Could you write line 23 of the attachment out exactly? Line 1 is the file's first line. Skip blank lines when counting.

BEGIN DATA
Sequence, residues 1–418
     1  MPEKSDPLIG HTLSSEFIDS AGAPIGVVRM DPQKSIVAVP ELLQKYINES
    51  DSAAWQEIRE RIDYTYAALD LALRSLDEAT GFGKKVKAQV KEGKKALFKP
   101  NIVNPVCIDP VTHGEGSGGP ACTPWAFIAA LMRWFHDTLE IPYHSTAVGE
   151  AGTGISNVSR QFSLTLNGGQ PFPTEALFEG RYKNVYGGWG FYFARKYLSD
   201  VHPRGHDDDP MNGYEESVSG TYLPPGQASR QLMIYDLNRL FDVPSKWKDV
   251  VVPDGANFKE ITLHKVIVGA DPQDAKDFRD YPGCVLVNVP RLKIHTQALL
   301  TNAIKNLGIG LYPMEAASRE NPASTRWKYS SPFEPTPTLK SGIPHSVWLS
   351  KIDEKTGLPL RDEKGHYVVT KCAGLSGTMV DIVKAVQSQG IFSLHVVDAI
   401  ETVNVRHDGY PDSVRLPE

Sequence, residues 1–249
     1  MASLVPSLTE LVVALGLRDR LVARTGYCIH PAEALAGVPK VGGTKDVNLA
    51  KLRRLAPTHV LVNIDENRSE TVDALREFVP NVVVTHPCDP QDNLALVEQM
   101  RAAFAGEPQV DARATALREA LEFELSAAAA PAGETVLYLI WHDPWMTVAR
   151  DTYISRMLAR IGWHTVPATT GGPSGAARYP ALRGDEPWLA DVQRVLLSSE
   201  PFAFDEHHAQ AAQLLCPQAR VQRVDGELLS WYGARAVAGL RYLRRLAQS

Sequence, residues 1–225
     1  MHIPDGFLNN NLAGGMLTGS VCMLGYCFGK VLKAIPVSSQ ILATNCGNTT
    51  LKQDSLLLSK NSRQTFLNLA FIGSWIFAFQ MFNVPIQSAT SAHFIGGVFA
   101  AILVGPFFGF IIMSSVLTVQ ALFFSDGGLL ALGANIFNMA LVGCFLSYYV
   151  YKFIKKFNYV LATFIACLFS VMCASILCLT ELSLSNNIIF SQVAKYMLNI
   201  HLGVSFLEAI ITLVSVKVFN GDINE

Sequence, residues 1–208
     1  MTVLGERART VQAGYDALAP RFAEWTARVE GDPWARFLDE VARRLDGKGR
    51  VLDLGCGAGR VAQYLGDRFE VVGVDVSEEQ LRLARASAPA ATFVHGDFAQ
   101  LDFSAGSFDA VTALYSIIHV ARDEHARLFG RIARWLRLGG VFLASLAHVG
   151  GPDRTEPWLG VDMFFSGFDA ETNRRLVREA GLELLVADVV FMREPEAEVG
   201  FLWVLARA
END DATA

Sequence, residues 1–208